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I saw this video where news reporter is in public place, and some security expert demonstrates to her that even though she logged in at page which was using https that guy got password in his computer.

How that might work, any ideas? I can't find video, but video didn't have any more details or words to go over beside that be careful using any other free wifis. It was published little bit before olympics in russia.

I thought https was secure, but he showed on screen the password she had written in login form.

marked as duplicate by TildalWave, Xander, schroeder, Eric G, Rory Alsop Sep 22 '14 at 8:00

This question has been asked before and already has an answer. If those answers do not fully address your question, please ask a new question.

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    Could be that he was executing a MiTM attack, and either the device didn't fully validate the certificate, or the user ignored the warnings it generated... – Clockwork-Muse Sep 20 '14 at 6:41
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    Without more information (in particular, the video in question), there's no good way to answer this. – Mark Sep 20 '14 at 7:19
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    Possible duplicate: Is visiting HTTPS websites on a public hotspot secure? – IQAndreas Sep 20 '14 at 7:47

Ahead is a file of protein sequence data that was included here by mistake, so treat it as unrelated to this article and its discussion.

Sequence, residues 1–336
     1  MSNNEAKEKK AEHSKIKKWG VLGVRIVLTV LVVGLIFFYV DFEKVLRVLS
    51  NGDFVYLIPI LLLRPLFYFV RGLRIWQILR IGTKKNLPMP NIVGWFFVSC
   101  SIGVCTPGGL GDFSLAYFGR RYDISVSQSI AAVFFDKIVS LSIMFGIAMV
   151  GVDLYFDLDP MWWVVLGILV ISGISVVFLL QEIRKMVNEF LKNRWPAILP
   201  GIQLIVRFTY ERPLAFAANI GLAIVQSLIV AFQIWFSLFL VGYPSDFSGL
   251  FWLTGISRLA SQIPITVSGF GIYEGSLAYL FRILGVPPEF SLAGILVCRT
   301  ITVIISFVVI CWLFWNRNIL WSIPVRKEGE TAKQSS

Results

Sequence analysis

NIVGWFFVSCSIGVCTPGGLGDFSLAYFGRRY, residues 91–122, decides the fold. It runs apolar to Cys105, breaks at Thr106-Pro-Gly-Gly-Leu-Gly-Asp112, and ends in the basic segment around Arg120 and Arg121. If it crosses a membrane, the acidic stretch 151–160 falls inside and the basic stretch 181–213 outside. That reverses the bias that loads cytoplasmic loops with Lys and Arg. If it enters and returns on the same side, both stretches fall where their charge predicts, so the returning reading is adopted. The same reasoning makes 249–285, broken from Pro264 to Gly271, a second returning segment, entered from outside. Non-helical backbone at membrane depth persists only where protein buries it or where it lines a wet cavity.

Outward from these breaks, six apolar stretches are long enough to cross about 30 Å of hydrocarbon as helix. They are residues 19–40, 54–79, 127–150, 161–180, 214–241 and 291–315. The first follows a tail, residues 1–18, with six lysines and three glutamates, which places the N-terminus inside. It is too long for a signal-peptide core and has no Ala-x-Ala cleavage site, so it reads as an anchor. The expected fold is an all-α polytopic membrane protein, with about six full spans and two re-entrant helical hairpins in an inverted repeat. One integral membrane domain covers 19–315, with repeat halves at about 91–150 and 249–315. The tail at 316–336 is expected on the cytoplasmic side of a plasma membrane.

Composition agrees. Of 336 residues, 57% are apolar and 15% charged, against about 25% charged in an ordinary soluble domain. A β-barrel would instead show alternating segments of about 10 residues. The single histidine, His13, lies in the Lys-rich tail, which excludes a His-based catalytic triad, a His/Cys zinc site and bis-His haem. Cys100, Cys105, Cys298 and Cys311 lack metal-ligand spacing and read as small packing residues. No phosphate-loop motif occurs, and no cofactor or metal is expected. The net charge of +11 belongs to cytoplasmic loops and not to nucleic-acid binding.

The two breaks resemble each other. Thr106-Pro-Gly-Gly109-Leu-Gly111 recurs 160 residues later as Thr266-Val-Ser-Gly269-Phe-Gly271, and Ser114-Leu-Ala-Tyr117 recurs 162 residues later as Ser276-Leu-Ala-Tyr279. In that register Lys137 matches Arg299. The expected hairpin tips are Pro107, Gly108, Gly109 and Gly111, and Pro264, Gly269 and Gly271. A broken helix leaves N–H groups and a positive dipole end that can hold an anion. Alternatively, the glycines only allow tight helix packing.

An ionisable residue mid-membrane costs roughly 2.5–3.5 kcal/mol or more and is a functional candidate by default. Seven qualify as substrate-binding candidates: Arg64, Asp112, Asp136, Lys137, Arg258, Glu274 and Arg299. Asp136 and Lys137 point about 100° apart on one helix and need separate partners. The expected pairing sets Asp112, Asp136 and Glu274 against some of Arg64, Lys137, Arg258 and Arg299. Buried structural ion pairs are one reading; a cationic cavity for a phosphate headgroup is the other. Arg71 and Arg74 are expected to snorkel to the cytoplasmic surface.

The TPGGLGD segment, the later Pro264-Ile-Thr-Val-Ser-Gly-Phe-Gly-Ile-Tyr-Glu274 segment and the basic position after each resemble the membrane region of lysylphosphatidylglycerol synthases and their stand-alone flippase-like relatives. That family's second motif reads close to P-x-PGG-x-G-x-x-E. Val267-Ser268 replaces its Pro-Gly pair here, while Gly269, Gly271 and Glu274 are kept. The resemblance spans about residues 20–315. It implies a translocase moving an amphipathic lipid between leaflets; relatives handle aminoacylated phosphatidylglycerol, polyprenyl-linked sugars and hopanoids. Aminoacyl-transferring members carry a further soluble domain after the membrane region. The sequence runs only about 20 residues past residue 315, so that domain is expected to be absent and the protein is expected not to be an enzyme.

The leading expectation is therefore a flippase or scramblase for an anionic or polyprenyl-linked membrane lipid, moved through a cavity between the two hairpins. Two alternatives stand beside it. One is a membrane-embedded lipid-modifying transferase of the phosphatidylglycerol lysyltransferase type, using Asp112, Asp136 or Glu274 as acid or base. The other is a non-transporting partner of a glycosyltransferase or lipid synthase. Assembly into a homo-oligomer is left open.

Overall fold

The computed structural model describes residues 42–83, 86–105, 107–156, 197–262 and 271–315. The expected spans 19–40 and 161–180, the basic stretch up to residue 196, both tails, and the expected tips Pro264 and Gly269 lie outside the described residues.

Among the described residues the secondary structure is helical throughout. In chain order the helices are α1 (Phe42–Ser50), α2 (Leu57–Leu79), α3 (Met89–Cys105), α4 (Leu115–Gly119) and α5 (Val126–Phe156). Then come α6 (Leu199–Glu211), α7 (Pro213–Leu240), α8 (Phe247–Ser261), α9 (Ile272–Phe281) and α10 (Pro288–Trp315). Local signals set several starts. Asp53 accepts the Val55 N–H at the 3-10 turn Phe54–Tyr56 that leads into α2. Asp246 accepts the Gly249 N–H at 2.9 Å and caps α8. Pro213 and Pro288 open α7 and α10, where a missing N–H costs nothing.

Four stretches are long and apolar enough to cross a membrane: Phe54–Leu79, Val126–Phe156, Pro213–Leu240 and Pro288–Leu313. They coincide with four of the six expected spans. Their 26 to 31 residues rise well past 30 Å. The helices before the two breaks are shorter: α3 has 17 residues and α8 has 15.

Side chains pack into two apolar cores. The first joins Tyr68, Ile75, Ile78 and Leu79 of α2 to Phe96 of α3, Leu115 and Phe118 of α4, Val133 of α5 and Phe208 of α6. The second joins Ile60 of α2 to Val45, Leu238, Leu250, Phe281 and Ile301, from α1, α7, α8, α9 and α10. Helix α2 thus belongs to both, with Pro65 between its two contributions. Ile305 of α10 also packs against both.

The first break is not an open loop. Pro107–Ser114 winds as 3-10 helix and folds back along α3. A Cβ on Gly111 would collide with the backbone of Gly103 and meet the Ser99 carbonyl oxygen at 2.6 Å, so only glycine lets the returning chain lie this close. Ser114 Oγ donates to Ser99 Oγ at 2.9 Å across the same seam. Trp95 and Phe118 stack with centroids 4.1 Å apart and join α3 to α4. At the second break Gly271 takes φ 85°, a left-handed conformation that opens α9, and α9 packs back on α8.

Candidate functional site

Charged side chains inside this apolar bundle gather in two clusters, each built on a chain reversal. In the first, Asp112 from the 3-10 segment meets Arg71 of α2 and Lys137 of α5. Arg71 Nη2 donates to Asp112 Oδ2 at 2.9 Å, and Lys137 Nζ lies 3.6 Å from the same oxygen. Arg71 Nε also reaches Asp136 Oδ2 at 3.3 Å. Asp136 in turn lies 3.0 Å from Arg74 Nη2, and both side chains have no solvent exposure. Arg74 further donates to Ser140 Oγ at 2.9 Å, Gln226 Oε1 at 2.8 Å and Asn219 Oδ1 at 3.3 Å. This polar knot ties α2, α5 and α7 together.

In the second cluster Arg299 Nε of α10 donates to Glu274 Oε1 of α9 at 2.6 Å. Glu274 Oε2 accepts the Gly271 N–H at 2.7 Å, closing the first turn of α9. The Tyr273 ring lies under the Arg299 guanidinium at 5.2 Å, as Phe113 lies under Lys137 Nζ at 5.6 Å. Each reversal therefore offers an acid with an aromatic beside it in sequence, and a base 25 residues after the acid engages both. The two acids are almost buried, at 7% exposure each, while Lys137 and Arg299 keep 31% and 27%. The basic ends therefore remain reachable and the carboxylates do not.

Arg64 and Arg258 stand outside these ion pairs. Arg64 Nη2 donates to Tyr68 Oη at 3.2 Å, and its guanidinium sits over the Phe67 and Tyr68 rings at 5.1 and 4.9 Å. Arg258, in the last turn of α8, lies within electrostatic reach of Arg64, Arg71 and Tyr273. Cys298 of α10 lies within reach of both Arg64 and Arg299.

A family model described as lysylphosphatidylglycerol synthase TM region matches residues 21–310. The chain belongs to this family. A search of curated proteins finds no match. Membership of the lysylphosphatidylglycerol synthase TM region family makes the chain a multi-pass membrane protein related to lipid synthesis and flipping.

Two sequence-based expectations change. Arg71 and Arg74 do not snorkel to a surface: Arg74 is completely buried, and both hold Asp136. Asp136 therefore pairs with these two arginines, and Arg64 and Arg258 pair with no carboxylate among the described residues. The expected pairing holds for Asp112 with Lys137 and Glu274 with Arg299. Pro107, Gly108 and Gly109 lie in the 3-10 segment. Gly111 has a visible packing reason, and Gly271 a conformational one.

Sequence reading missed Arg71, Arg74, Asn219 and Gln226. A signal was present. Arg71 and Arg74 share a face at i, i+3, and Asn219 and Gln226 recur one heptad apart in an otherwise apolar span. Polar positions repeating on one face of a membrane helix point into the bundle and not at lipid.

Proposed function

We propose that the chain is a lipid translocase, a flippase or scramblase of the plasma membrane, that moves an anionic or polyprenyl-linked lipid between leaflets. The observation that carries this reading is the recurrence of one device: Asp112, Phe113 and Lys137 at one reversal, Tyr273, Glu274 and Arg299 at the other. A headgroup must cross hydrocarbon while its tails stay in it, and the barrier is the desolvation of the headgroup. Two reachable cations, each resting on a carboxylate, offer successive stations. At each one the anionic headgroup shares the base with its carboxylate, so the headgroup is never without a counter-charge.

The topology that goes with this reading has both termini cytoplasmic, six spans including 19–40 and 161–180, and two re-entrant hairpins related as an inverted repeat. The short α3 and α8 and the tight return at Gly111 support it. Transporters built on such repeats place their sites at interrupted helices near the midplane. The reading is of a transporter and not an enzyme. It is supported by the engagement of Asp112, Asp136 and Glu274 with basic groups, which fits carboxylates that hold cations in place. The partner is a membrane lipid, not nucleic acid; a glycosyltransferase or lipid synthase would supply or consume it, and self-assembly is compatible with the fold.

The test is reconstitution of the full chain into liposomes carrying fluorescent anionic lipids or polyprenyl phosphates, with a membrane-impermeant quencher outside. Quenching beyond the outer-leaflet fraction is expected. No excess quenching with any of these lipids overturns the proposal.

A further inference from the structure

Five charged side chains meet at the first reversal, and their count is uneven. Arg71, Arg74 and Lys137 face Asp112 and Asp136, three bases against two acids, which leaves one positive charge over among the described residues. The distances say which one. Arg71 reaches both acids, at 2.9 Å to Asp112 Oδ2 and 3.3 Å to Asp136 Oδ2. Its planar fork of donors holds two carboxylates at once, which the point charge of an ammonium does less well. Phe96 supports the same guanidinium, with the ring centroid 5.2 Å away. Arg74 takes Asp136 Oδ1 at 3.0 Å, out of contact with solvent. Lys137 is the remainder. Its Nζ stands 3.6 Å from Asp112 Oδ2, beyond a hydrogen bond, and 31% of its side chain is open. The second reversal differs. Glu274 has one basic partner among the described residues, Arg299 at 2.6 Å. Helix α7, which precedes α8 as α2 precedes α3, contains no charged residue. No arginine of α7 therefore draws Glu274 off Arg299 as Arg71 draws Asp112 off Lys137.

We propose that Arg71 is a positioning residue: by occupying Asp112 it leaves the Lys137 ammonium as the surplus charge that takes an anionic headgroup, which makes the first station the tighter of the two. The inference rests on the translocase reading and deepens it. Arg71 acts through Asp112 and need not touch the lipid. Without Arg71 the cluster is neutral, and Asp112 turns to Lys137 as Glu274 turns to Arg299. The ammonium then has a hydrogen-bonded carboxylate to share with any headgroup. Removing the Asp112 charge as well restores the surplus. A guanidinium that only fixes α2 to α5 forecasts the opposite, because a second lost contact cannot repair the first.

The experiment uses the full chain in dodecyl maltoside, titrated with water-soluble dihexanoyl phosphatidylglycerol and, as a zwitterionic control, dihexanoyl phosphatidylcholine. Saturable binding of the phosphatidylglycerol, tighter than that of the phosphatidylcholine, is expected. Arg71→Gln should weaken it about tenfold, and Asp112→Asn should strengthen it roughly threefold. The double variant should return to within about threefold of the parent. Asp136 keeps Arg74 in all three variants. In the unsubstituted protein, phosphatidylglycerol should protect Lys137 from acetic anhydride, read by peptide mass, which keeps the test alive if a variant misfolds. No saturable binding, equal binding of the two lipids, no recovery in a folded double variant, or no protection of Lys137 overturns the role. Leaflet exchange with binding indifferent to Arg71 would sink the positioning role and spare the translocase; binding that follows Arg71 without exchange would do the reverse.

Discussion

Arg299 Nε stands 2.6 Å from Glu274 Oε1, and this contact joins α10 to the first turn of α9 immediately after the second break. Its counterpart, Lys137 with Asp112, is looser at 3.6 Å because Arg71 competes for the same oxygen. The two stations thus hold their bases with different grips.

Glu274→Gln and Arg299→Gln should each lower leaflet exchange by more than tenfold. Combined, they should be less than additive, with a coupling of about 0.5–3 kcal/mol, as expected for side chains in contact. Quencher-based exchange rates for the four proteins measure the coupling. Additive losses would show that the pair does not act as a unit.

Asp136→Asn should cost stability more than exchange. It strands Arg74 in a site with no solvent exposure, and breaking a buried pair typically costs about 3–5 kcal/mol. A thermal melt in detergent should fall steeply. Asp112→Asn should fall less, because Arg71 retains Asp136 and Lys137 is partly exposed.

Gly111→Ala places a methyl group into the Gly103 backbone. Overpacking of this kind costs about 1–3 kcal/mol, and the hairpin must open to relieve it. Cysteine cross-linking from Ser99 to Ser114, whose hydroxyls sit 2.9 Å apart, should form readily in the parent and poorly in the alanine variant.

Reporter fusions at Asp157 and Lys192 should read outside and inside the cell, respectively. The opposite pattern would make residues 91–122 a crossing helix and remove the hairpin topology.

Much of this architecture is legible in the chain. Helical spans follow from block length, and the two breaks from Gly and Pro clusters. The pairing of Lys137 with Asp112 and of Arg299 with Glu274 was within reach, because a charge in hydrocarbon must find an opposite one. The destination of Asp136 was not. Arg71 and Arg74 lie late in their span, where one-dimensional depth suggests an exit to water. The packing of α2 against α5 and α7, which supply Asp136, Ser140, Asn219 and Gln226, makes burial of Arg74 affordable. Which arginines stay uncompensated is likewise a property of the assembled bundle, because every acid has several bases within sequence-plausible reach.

• after searching with all terms i could think of, i can't find that vide for life of me. It's so frustrated. Anyways, the question linked as duplicate says "no". Unless certificates are forged. As is the case in this video, which is note not the video i watched in feb. kare11.com/story/local/2012/02/02/3717231 In original video reporter just signs into some site, and other guy has password in his cli interface. – Muhammad Umer Sep 20 '14 at 20:02
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Is this the video you're referring to?

If the site does not have HSTS (HTTP Strict Transport Security) enabled then I believe you can capture login information without generating a certificate warning using software like SSLstrip.

SSLstrip does not bother forging a certificate; instead, it removes SSL entirely. Many webpages are accessible via both standard HTTP and secure HTTPS, but the standard HTTP page redirects to the HTTPS version. SSLstrip works by watching for these redirects, and then blocks it to make sure the victim goes to an HTTP version of the login page. If the attacker wants to keep the padlock symbol, he can redirect the victim to a fake login page on his own server that uses HTTPS.

To protect yourself you should always look at the address bar to make sure that HTTPS is actually in use when you expect it to be, and that the URL of the site matches what you were expecting. Also take a look at HTTPS Everywhere.

See How to thwart sslstrip attack?

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